8 months ago • 2 mins
Extraordinary times call for extraordinary measures – and the weekend’s government-brokered deal between Swiss giants Credit Suisse and UBS was certainly out of the ordinary.
What does this mean?
A deal like this would have UBS shareholders licking their lips under normal circumstances: after all, it’s not every day you can snap up your biggest rival at a bargain-basement price. And the cozy bubble wrap of government guarantees – covering billions in potential losses and offering unlimited access to funds from the central bank – seriously sweetens the deal. But only time will tell whether Credit Suisse is really a bargain at $3 billion. For one, UBS shareholders still don’t know if nasty surprises lurk within Credit Suisse’s balance sheet. And for another, stemming the flow of Credit Suisse’s clientele (and their money) might take more than just a new owner. No wonder, then, that UBS’s seesawing stock price suggests investors are between two minds.
Why should I care?
For markets: Capital structure.
Bond investors are freaking out about the Swiss mega-deal. See, bonds are normally repaid first when a firm goes belly-up – but this time around, private investors are taking some losses, ensuring the deal isn’t seen as a “bailout”. And in a highly unusual twist, the Swiss government has decided to wipe out some bond investors completely, while giving shareholders newly minted UBS shares. Sure, Swiss banks make their own rules, but this is bound to make anyone investing in European bank bonds break out in a cold sweat.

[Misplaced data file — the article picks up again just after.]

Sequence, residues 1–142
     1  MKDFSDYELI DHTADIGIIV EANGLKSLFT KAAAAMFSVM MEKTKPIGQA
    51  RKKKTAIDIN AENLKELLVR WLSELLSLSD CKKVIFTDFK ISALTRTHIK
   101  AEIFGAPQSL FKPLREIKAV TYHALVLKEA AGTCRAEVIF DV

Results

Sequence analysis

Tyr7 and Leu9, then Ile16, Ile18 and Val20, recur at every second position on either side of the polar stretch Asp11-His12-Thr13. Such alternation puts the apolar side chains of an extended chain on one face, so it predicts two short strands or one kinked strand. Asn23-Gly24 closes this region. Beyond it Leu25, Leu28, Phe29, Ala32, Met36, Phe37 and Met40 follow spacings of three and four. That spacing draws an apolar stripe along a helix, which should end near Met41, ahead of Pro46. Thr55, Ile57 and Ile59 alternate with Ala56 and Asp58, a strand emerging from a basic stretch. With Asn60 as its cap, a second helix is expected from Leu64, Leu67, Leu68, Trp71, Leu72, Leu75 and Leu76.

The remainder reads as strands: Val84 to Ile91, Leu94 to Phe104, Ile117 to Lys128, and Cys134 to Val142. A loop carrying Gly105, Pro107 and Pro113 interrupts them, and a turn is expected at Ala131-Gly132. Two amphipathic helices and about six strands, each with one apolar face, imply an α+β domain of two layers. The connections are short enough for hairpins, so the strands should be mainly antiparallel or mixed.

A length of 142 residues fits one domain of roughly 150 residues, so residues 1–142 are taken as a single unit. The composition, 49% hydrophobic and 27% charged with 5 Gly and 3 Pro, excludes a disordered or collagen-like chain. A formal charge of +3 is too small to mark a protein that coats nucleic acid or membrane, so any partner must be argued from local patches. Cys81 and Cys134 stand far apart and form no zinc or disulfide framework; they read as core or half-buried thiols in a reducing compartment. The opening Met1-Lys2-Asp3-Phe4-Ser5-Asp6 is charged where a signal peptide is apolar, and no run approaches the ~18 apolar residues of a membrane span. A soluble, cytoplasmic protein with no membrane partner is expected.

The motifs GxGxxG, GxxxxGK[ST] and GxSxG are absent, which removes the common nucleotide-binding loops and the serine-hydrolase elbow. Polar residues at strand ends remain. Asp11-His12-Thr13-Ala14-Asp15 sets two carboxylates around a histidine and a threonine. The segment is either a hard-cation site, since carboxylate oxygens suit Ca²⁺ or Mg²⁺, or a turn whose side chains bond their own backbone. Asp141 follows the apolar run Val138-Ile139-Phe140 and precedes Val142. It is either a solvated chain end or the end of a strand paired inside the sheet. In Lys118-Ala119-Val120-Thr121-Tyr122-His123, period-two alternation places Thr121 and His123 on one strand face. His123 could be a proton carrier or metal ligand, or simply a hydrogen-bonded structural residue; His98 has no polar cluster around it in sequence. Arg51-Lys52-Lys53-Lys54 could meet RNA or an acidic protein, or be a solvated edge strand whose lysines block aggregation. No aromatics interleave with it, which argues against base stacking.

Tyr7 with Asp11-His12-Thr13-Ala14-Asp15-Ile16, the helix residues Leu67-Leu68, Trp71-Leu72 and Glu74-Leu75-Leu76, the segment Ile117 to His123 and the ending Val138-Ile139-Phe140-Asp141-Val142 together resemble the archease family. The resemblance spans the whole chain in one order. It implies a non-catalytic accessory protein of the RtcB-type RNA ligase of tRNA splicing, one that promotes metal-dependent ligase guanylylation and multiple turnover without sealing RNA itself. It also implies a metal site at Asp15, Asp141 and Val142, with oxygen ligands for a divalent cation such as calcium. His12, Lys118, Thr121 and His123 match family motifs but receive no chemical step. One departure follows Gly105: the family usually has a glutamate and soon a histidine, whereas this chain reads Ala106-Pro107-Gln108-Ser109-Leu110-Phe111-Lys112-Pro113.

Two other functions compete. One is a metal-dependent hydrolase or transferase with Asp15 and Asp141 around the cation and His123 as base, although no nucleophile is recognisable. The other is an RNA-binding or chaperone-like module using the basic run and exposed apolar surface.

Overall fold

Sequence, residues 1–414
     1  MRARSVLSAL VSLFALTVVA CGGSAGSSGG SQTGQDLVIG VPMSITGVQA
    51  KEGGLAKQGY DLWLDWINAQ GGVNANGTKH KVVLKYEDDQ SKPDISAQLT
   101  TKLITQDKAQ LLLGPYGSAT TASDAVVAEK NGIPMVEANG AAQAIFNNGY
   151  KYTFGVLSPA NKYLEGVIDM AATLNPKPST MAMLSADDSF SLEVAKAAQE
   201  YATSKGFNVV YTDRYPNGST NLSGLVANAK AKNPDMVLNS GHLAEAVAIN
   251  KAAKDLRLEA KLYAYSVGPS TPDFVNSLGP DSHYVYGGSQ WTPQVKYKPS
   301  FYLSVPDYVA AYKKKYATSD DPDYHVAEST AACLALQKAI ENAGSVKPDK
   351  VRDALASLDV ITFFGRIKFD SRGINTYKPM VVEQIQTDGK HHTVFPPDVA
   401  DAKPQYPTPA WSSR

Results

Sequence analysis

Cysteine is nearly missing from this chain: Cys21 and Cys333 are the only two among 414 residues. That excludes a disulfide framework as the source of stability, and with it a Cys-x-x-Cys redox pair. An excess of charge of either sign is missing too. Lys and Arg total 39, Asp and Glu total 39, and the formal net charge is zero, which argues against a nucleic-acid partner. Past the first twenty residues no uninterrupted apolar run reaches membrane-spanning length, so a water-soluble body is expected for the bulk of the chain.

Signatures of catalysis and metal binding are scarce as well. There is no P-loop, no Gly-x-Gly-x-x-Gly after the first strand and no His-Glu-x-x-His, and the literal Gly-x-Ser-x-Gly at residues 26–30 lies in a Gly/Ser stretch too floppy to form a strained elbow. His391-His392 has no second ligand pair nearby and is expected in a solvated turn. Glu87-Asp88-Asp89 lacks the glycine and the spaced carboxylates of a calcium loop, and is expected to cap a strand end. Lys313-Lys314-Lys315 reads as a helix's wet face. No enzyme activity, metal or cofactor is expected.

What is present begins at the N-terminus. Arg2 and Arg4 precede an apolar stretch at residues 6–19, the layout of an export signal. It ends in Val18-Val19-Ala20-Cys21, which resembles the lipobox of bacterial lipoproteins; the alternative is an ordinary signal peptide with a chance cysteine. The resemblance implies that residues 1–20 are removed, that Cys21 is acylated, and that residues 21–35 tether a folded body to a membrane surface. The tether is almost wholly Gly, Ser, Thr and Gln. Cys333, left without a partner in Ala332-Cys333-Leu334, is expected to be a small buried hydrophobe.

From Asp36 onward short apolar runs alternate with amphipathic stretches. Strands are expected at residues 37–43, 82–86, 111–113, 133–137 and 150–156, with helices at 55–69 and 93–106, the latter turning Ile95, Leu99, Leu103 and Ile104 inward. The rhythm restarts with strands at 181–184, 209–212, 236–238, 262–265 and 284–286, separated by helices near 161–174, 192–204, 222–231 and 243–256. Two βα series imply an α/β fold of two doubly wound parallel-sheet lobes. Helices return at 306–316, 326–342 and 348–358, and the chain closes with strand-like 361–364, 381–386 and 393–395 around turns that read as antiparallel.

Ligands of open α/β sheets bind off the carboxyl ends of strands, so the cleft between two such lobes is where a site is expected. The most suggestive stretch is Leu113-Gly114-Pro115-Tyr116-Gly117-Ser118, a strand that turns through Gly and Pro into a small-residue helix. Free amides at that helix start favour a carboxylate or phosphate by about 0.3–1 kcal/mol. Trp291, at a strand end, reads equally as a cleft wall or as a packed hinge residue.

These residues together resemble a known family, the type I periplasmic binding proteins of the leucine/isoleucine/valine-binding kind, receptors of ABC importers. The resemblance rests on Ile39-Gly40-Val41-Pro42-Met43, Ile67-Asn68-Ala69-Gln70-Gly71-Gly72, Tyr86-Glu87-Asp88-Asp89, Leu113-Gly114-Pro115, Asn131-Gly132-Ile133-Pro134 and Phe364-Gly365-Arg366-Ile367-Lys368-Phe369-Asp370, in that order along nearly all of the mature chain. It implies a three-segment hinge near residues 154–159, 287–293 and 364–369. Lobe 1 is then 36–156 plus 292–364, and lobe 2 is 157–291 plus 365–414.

The bigger picture: Bazooka time.
The banking sector can normally count on a knight in shining armor to rescue it when trouble looms: last time Europe’s banks ran aground, the region’s central bank pulled out its so-called “big bazooka”, pumping billions of euros into the system and adopting a “whatever it takes” approach to restoring market confidence. That worked like a charm back then – and while banks aren’t as weak this time, a flash of that heavy weaponry would go some way to shoring up confidence.
Disclaimer: These articles are provided for information purposes only. Occasionally, an opinion about whether to buy or sell a specific investment may be provided. The content is not intended to be a personal recommendation to buy or sell any financial instrument or product, or to adopt any investment strategy as it is not provided based on an assessment of your investing knowledge and experience, your financial situation or your investment objectives. The value of your investments, and the income derived from them, may go down as well as up. You may not get back all the money that you invest. The investments referred to in this article may not be suitable for all investors, and if in doubt, an investor should seek advice from a qualified investment advisor.
/3 • Your free quarterly content is about to expire. Uncover the biggest trends and opportunities. Subscribe now for 50%. Cancel anytime.